Why Humor Is a Secret Weapon in Business and Life (And how anyone can harness it. Even you.)
WALL STREET JOURNAL, LOS ANGELES TIMES, AND USA TODAY BESTSELLER • Anyone—even you!—can learn how to harness the power of humor in business (and life), based on the popular class at Stanford’s Graduate School of Business.
Don’t miss the authors’ TED Talk, “Why great leaders take humor seriously,” online now.
“The ultimate guide to using the magical power of funny as a tool for leadership and a force for good.”—Daniel H. Pink, #1 New York Times bestselling author of When and Drive
We are living through a period of unprecedented uncertainty and upheaval in both our personal and professional lives. So it should come as a surprise to exactly no one that trust, human connection, and mental well-being are all on the decline.
This may seem like no laughing matter. Yet, the research shows that humor and laughter are among the most valuable tools we have at our disposal for strengthening bonds and relationships, diffusing stress and tension, boosting resilience, and performing when the stakes are high.
That’s why Jennifer Aaker and Naomi Bagdonas teach the popular course Humor: Serious Business at the Stanford Graduate School of Business, where they help some of the world’s most hard-driving, blazer-wearing business minds infuse more humor and levity into their work and lives.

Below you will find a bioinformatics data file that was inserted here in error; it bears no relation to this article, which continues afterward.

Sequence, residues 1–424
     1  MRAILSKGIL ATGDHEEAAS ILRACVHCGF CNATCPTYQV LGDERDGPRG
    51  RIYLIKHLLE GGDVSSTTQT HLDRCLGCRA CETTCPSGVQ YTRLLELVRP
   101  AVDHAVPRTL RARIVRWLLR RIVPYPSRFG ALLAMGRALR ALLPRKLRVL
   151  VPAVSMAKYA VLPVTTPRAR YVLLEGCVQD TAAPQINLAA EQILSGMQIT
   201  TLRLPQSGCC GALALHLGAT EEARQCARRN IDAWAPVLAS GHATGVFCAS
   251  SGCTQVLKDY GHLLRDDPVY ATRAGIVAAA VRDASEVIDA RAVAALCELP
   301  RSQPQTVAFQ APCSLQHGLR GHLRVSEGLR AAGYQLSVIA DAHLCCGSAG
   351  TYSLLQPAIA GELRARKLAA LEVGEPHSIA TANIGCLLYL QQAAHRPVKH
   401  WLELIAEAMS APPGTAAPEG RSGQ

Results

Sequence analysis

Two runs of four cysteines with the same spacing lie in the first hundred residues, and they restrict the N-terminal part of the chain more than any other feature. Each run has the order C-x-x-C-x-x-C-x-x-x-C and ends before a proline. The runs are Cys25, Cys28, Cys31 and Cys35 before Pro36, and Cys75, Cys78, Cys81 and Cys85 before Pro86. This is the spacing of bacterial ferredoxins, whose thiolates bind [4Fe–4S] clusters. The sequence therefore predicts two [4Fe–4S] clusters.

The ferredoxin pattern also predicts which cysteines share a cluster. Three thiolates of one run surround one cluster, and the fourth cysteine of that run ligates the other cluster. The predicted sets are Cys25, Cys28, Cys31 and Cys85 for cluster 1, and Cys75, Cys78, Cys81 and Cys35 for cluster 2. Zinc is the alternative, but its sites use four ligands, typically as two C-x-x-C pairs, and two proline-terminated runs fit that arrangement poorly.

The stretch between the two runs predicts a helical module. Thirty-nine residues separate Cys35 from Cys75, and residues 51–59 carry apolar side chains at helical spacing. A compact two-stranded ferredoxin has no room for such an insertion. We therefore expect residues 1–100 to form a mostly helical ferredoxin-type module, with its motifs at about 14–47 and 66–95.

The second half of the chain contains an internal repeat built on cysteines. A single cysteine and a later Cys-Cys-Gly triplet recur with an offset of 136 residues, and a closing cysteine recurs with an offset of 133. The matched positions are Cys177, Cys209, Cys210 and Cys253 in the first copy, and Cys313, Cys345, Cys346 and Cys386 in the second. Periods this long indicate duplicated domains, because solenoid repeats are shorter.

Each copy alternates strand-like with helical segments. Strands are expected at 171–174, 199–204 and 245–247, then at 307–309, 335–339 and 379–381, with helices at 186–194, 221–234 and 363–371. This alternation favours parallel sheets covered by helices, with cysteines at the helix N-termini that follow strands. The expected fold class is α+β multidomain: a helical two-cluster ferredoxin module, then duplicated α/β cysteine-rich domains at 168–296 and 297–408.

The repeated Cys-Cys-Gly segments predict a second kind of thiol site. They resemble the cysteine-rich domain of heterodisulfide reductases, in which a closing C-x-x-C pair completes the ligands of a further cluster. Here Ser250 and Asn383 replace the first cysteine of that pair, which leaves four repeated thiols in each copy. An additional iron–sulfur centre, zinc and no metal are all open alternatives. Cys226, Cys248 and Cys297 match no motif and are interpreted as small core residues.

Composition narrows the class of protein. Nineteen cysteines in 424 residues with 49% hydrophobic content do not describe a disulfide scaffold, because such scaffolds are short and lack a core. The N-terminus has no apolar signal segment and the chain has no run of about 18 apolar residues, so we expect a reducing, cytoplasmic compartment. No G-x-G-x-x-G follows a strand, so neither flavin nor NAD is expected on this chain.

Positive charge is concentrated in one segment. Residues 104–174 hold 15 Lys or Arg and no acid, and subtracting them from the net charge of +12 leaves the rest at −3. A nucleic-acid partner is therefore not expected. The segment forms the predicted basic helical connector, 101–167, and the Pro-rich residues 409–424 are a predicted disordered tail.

In Humor, Seriously, they draw on findings by behavioral scientists, world-class comedians, and inspiring business leaders to reveal how humor works and—more important—how you can use more of it, better.
Aaker and Bagdonas unpack the theory and application of humor: what makes something funny, how to mine your life for material, and simple ways to identify and leverage your unique humor style. They show how to use humor to rebuild vital connections; appear more confident, competent, and authentic at work; and foster cultures where levity and creativity can thrive.
President Dwight David Eisenhower once said, “A sense of humor is part of the art of leadership, of getting along with people, of getting things done.” If Dwight David Eisenhower, the second least naturally funny president (after Franklin Pierce), thought humor was necessary to win wars, build highways, and warn against the military-industrial complex, then you might consider learning it too.